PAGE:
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What do we know about Kate's cancer diagnosis?

Catherine, Princess of Wales seen on 15 November 2023
Catherine, Princess of Wales seen on 15 November 2023

Catherine, Princess of Wales, says she is having treatment for cancer which was discovered following major abdominal surgery. She started preventative chemotherapy in late February.

When was the cancer found?

The princess underwent surgery in January. The palace did not disclose details at the time but said the procedure was planned and her condition was "not cancer-related".

Her video message says that tests carried out after the operation found cancer had been present.

What type of cancer does the princess have?

Kensington Palace has not said what type of cancer she has.

A spokesperson said: "We will not be sharing any further private medical information. The princess has a right to medical privacy as we all do."

What is preventative chemotherapy?

Catherine said her medical team advised she should undergo "preventative chemotherapy" and she is in the early stages of this treatment.

Chemotherapy is a catch-all term for medication to kill cancer cells - it can be given via a drip or in pill form.

How much you need and how often depends on the type of cancer and how it is growing. The aim is to reduce the risk of cancer remaining or coming back.

Bob Phillips, professor of paediatric oncology at the University of York, said chemotherapy can be used to "mop up" cancer cells if there are any still present.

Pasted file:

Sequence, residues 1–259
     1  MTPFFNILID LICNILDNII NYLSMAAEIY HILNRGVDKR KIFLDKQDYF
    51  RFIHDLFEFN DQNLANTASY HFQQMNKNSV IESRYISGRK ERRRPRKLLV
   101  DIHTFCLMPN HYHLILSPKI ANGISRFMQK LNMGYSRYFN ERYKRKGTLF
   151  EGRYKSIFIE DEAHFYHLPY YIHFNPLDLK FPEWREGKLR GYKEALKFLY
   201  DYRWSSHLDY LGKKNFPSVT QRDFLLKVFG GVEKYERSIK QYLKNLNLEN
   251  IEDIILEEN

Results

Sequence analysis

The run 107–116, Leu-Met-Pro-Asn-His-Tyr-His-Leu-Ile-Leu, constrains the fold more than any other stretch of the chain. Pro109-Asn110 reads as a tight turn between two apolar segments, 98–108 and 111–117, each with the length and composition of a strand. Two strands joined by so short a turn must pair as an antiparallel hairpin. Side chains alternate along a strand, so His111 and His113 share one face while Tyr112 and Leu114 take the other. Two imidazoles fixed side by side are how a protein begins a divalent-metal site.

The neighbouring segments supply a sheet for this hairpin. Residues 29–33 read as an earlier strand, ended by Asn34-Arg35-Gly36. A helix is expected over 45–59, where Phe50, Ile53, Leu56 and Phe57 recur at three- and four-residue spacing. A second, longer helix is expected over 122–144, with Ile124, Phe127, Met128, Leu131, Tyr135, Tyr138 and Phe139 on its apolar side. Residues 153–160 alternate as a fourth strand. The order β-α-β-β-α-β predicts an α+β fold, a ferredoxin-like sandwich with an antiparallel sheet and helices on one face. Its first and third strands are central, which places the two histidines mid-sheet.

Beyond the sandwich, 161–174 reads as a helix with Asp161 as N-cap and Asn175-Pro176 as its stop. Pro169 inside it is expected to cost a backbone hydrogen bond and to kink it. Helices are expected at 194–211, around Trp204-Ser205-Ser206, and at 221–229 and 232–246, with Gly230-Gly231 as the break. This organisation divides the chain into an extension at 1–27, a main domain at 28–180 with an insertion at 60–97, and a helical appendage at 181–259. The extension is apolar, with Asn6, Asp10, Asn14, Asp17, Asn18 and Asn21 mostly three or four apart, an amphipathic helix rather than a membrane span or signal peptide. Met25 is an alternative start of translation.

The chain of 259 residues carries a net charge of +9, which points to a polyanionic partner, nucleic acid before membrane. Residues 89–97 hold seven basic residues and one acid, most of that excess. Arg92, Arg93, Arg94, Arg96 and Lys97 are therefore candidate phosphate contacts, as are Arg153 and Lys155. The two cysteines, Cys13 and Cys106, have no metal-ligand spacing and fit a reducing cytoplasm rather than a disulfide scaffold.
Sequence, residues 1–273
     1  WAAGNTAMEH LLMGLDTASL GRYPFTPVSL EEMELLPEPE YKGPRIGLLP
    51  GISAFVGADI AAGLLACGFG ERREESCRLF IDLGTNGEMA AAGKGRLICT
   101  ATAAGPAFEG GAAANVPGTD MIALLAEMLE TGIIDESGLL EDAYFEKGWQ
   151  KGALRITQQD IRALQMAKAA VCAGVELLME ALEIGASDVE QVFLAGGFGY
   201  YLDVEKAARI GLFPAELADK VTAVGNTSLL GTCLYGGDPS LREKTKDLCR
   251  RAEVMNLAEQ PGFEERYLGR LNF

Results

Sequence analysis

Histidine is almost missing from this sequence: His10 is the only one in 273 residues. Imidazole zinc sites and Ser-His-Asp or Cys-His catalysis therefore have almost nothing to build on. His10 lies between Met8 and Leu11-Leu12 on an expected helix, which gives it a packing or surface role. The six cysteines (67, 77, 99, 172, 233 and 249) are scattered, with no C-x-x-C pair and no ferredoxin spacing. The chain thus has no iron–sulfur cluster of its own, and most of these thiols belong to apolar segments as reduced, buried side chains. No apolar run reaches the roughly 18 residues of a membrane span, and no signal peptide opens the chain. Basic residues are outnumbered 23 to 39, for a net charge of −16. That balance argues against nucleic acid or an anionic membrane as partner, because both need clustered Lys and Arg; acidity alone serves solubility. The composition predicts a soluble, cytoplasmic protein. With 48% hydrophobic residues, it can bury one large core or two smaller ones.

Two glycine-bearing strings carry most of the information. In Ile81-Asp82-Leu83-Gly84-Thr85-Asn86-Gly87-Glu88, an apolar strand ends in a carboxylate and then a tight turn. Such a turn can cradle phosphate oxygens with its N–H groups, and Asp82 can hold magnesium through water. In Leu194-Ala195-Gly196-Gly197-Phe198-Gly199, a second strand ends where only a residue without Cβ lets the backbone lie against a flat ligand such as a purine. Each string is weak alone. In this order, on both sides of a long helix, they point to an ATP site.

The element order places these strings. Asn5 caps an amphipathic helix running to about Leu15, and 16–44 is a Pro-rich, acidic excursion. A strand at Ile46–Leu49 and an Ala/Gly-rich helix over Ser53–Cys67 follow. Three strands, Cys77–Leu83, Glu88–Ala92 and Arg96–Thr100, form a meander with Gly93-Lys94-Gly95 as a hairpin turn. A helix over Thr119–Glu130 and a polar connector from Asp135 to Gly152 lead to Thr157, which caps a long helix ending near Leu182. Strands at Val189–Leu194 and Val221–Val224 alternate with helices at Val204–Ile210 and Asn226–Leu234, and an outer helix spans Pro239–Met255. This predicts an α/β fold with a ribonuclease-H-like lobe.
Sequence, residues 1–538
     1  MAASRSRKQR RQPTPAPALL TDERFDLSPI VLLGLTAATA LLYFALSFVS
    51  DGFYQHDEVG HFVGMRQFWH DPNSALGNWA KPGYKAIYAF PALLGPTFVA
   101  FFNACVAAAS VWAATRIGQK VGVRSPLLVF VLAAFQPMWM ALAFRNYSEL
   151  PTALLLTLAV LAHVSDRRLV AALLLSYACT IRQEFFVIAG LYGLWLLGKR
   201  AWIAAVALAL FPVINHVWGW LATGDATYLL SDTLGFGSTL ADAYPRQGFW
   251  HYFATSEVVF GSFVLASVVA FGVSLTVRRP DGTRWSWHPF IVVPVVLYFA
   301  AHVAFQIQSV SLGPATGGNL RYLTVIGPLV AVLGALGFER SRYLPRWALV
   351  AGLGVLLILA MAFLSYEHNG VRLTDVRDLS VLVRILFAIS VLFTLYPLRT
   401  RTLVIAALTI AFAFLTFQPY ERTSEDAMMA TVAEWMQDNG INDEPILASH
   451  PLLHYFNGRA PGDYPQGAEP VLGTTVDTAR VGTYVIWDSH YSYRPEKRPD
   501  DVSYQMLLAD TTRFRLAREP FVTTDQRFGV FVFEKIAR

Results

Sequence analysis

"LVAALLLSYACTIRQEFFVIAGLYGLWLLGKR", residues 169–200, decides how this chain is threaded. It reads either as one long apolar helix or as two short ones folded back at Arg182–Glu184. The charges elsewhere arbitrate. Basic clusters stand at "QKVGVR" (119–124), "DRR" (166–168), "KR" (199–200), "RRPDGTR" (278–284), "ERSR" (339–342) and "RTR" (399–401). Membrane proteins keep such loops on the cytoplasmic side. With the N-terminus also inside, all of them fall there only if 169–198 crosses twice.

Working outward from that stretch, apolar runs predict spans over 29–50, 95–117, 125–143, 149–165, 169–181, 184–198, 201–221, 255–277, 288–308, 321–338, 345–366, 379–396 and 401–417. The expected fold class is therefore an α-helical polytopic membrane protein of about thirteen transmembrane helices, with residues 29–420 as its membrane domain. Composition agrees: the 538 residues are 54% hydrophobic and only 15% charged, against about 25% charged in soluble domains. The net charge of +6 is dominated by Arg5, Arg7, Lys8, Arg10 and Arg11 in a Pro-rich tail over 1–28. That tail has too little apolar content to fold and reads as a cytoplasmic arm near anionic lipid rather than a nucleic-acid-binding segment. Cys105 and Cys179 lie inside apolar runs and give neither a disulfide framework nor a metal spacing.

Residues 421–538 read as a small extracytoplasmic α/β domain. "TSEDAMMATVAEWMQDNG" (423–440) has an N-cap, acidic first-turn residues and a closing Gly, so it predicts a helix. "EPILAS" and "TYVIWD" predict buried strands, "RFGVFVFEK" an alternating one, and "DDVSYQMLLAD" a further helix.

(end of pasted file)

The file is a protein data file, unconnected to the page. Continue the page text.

How did doctors find the cancer?

After the surgery in January, which Kensington Palace says was successful, doctors performed tests which revealed cancer had been present.

Commonly, tissue removed during surgery would be sent to a lab for analysis and to see what cells are there.

Is she getting treatment privately or on the NHS?

Catherine's original operation took place at the London Clinic, a private facility.

The Palace is not commenting on where she is now receiving care. In her video message Catherine thanked the "fantastic medical team" who have been treating her.

What is cancer?

Cancer occurs when cells in a specific part of the body divide in an uncontrolled way.

Untreated, these cells can potentially spread to other tissues in the body, including organs, which is known as secondary or metastatic cancer.

How many people get cancer?

In the UK, one in two people develop some kind of cancer during their lifetime.

There are more than 200 different types of cancer - the most common ones in the UK are breast, lung, prostate and bowel, according to the NHS UK website.

Each cancer is diagnosed and treated in a particular way.

Anyone can develop cancer, but the risk goes up the older we become because there's more time for cell damage to build up.

Most cases of cancer are in people aged 50 and over. In the UK, a third of all cases are in people aged 75 and over.

Survival from cancer has doubled in the last 50 years.

What should you do if you think you have cancer?

If you notice something that isn't normal for you, see a doctor.

That might include:

  • unexplained bleeding or pain

  • an unusual lump or swelling

  • unexplained tiredness and weight loss

  • a persistent cough

The symptoms you are experiencing may not be cancer, but it is important to get checked.

Finding cancer early can often make it easier to treat.